Recently someone on the “I Grew Up in Litchfield” Facebook group asked when the high school sports team adopted the nickname “the Cowboys.” We did some digging, and came up with roughly the same answer as another member of the group. We thought you might enjoy some of the wonderful sources we used to come to the conclusion that the name was in use by the 1920s, and possibly earlier.
It is obvious from these documents and photographs that the name was in use by the 20s, but what is yet to be determined is why Litchfield adopted it. It seems that it wasn’t a popular choice with the town as a whole.
Though this is undated, it notes the departure of Principal Clarence Elliott. In 1927, the school board chose not to renew Elliott’s contract, so this article was probably written shortly after.
Another thing that many people may not know or have thought about is that the basketball teams were not playing in the school. Even after the new Center School was dedicated in 1925, the teams continued to rent time in Colonial Hall. This article suggests that the school board allow them to use the auditorium instead. In 1930, Colonial Hall was returned to its site by the green and restored as the First Congregational Church, so the school must have made other arrangements by that time. I’m including some additional pages from the Peck scrapbook below regarding particular players.
We would love to hear your family stories of Litchfield Cowboys and Cowgirl players!
It’s long been a challenge for those researching ancestors who may have been illiterate, poor, or marginalized to learn about their heritage. Institutions like the Litchfield Historical Society were founded and began collecting during the Colonial Revival, a time when there was tension over immigration and clashes between races, classes, and nationalities. Our founders were the descendants of wealthy white immigrants from Western Europe who wished to preserve their history by saving their ancestor’s decorative arts, artifacts, and papers, predominantly those of men.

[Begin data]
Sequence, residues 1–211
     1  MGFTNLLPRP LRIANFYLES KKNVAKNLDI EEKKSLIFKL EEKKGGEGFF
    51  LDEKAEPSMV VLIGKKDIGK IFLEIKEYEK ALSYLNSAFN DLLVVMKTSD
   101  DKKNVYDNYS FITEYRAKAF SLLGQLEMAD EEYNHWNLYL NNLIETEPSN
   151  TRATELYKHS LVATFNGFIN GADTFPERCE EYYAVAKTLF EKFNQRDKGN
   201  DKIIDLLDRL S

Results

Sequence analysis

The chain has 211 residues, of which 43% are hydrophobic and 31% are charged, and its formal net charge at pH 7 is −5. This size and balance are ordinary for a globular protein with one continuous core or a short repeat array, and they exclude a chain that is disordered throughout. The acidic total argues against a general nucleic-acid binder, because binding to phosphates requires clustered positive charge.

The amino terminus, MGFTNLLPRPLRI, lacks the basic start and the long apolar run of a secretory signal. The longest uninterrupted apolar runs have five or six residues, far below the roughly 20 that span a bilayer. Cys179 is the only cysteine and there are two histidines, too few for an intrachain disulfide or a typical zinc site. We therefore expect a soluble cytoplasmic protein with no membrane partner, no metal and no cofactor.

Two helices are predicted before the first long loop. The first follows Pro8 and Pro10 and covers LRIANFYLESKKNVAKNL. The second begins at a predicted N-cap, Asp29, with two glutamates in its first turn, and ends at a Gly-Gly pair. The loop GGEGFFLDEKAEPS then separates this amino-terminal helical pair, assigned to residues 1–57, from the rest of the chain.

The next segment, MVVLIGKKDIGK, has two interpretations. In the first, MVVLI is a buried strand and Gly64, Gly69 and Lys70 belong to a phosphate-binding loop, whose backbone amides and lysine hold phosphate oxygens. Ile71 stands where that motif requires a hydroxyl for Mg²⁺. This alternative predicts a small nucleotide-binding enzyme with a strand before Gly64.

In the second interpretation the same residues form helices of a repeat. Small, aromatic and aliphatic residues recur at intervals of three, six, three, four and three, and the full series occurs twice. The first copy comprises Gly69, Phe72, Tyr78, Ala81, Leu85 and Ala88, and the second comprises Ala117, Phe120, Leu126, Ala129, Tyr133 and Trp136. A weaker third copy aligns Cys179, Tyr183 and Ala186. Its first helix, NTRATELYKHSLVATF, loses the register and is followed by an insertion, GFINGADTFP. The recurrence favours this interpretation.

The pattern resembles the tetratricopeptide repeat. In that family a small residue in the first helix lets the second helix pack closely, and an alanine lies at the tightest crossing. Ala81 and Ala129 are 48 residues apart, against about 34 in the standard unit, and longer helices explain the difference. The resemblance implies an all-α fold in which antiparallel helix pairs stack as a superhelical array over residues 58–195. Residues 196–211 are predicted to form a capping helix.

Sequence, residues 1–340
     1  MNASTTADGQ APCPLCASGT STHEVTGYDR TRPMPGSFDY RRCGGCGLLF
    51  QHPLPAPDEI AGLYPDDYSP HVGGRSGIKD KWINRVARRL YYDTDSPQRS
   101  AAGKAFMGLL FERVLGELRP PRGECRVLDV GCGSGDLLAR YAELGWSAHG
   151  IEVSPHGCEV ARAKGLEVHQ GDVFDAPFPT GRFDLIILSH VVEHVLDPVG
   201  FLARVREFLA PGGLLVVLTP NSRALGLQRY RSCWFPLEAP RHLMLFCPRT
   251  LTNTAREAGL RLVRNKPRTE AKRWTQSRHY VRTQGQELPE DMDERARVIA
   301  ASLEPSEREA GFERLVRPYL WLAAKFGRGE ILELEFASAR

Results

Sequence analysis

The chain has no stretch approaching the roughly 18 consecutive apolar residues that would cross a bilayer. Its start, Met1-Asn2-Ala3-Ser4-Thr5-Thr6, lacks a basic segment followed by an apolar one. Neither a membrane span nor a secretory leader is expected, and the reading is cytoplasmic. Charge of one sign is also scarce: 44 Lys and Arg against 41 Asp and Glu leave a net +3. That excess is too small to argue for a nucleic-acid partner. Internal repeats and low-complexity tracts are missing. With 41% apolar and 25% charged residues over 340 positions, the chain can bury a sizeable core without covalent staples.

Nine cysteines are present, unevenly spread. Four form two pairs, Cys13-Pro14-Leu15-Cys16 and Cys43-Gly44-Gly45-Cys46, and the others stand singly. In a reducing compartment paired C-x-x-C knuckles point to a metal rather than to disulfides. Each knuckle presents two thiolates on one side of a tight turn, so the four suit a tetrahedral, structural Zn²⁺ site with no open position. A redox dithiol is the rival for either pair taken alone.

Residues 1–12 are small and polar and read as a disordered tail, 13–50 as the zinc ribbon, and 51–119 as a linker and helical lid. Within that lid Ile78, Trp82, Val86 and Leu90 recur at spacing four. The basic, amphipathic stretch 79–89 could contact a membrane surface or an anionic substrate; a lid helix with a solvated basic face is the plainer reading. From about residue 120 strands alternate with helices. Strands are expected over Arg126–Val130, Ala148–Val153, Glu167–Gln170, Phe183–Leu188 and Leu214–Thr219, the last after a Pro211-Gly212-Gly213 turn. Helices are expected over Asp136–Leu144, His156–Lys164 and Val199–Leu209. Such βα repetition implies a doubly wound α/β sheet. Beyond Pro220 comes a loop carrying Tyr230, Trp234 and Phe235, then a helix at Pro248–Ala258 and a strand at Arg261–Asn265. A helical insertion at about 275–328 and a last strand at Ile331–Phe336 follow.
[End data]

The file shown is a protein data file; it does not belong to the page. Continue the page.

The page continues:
While we continue working to make our collections more representative and inclusive of all the people who made Litchfield home, a lot of the town’s early history of women, minorities, and the natives displaced by the settlers was lost, or perhaps never documented at all.
In the early 1880’s my great grandparents, Christina Nilsson and Carl Axel Gustafson immigrated to America from the region around Vasterutland, Sweden. In 1885 they were married and started their family. They had a farm in the vicinity of Litchfield but its exact location is lost to memory. Grandpa Gus was always described to me as a huge Viking of a man with a big red beard and Grandma as a tiny woman who loved life. Their lives as hardscrabble farmers weren’t easy.
When women got the vote in 1920, and the time came for Grandma Gus to register to vote, Grandpa absolutely forbade it. I’m not sure how he didn’t know this about her but Christina Nilsson was a very determined woman. So on the appointed day, at lunchtime when Grandpa came in from the farm, she kept his beer glass full the whole time. That ensured that he would take a good long nap. And it had to be a long one because it was a long way to town. She hitched the horse to the wagon, and quietly headed out on the farm road. Family lore has it that by the time she returned from town, the horse was pretty tired from the speed she demanded of it. Grandma Gus got home just 15 minutes before Grandpa woke up. He may have forbidden her, but nevertheless she persisted!
I discovered one of my mother’s birthday calendars and glanced through. There was an entry saying Grandma Gus died February 18, 1931 at age 73, which means she was born in 1858. She and Carl Axel married when she was 46 in 1885. So her determination to vote came when she was 62 years old! So the photo of above with the wagon might actually have been taken close to the time of this incident.
“Grandma & Grandpa Gus” tintypes from their marriage license.
A grand jury indicted Tapping Reeve, founder of America’s first Law School and an esteemed Connecticut Superior Court Judge, for seditious libel against the United States and President Thomas Jefferson in the April 1806 New Haven Circuit Court.
The charge was based on an article Judge Reeve, an ardent Federalist, had sent to Litchfield’s TheMonitor newspaper more than four years earlier, on December 2, 1801, in which Reeve had heatedly declared Jefferson’s violation of the U.S. Constitution, which he passionately insisted was now “marked for destruction.”
Twenty-six slaves are listed in Litchfield’s 1790 census including Sylvia Stocker, one of two people enslaved by Isaac Baldwin, Sr. Like all other slaves, she is recorded by number, not by name. In 1805, when Sylvia was 33, Baldwin’s heirs petitioned the Town Selectmen for her freedom and received their approval. Sylvia lived to be 64, and her will is recorded in Litchfield’s town records. Remarkably, she left her small library to the Town Selectmen for use by the poor.